Number one, take stock. If we take a hard look in the mirror, most of us will realize that we can be our own worst enemy. We’re doing things we shouldn’t be doing. We’re making decisions others should be making. We’re doing things the old way rather than adapting. So, take a couple of days and catalog the tasks you complete and the decisions you make. Nothing fancy. Just a list. Include everything from the time you get up to the time you go to bed. Then look for items that can be eliminated, performed by someone else, or simplified. Even if you find one or two, it will be worth the effort. You may say, “Who’s got time for this? You’re just adding to my decision fatigue.” But if you do what you’ve always done, you’ll get what you’ve always gotten. ‘nuf said.

Number two, say “no” more often.Sometimes, we are reluctant to challenge the endless parade of assignments handed down from above, for fear of irritating someone or even putting our jobs in jeopardy. Yet well thought-out and rehearsed responses to assignments that get piled on will generally be met with dialog about how to accomplish the work without overwhelming everyone. I address how to accomplish this in more detail in this post.

Number three, say “yes” less often.How often do you say, “Sure,” or “Happy to do so,” or “Not a problem,” during the week? You might be doing this out of a desire to please. You might worry that if you don’t say “yes” you’ll lose an opportunity. Or maybe, you naturally want to help, but fail to consider your calendar and existing commitments. The best decision makers have trained themselves to hesitate before committing impulsively. They say things like, “I might be able to help, but let me check my calendar,” or “I’d be happy to pitch in on part of that. I just need to be mindful of my time.” In this way, they frame the agreement on their terms.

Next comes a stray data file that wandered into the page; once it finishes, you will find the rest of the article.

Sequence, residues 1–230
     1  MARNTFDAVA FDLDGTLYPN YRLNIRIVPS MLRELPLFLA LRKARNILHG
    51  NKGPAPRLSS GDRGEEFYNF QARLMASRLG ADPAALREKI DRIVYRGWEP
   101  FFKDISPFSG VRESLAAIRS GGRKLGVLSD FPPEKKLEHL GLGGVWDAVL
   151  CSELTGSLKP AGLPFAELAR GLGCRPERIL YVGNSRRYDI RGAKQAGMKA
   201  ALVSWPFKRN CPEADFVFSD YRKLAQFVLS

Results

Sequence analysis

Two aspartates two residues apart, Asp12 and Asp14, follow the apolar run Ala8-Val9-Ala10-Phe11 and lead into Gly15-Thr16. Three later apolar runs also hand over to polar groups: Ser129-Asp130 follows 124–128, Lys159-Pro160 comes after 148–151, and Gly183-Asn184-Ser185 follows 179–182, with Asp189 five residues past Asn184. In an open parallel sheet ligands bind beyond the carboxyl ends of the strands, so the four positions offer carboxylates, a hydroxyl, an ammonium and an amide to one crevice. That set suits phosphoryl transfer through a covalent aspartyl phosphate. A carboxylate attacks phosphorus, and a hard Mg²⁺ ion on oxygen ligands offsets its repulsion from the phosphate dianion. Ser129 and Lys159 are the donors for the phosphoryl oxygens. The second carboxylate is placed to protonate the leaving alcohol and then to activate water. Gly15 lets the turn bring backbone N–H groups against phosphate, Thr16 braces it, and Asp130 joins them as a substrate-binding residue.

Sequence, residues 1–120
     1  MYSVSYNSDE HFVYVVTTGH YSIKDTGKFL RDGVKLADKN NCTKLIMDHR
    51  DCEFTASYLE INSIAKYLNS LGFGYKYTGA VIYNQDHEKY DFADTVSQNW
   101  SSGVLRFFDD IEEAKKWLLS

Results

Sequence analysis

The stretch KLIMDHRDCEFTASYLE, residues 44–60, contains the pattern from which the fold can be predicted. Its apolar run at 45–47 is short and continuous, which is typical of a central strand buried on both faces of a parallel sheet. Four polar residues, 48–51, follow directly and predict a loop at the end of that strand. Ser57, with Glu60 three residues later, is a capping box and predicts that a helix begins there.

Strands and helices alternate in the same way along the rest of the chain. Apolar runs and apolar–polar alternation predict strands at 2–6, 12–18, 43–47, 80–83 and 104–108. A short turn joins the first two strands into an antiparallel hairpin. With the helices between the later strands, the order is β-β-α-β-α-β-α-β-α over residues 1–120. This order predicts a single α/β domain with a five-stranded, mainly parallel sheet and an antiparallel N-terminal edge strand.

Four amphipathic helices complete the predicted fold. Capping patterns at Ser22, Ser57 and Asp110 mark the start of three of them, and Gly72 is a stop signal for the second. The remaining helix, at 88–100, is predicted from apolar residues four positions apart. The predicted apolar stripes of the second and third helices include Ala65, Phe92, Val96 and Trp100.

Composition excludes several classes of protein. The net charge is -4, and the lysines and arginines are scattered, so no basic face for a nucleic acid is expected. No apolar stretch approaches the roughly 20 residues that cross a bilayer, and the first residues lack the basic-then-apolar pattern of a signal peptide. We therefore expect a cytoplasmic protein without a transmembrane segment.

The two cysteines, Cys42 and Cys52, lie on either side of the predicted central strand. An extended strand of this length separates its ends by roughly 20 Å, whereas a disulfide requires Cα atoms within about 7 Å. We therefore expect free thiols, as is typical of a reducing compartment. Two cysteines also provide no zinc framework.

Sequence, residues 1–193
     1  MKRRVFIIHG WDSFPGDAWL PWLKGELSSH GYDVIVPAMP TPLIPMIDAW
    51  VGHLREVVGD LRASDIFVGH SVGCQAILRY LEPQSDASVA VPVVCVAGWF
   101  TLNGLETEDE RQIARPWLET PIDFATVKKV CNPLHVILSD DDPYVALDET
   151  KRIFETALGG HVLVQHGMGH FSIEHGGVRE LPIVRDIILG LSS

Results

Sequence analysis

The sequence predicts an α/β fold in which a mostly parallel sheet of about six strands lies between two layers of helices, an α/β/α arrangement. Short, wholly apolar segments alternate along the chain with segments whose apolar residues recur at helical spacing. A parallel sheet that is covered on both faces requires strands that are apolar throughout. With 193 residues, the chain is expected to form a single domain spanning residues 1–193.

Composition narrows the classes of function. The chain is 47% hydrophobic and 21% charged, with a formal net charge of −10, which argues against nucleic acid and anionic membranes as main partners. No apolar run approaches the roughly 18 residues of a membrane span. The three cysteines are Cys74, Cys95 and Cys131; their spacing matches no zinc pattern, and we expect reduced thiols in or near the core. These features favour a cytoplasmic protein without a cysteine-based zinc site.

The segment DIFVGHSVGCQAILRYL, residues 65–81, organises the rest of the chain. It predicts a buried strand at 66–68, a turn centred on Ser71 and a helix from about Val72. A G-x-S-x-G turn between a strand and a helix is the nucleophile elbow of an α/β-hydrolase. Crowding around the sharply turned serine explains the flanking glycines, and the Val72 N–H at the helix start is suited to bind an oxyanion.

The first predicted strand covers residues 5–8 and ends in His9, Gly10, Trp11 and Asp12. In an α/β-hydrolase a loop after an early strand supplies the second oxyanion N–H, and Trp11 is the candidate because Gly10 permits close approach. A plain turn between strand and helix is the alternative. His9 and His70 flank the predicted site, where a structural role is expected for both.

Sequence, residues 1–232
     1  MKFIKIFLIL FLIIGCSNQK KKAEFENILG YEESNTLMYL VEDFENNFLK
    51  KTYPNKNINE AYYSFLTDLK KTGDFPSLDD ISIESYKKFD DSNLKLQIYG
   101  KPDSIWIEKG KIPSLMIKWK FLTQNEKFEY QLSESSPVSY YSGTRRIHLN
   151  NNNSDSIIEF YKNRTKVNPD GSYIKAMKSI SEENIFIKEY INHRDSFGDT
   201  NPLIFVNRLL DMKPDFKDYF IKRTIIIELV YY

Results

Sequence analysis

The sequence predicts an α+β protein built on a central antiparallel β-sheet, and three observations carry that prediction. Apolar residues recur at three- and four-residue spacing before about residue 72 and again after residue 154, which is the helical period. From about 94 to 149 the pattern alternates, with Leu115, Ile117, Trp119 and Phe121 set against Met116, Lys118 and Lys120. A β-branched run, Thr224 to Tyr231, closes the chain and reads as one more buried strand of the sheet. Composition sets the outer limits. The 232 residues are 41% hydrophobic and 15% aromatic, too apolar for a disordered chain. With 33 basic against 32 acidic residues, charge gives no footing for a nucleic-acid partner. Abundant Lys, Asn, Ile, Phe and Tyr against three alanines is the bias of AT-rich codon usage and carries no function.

Number four, rid your phone of useless conveniences.Have you ever watched someone swipe left over and over trying to find the app that will save them a couple of minutes. Then they wait a couple of minutes for the latest update to load because the WIFI is slow. Maybe this has been you. We tend to download apps because they seemed like a good idea at the time. Truthfully, most are just sand in the gears of our decision making. The next time you’re sitting in line at the car wash or waiting for the movie to begin after 13 minutes of trailers, delete a few of the apps you really don’t need. Doing this once a week will relieve some of that background stress you feel from having too many options.

Number five, learn what others do to cope.Who around you is the best about managing all the daily decisions and tasks we now navigate? What are these individuals doing that you should be doing? What are they not doing that you should not be doing? Chances are, they have learned these strategies from others. You should learn from them and then pass them along to others who also need the help. These five tactics will not alleviate all of the decision fatigue you feel. But they will serve as a start toward your recovery.

Overcoming the Tyranny of Choice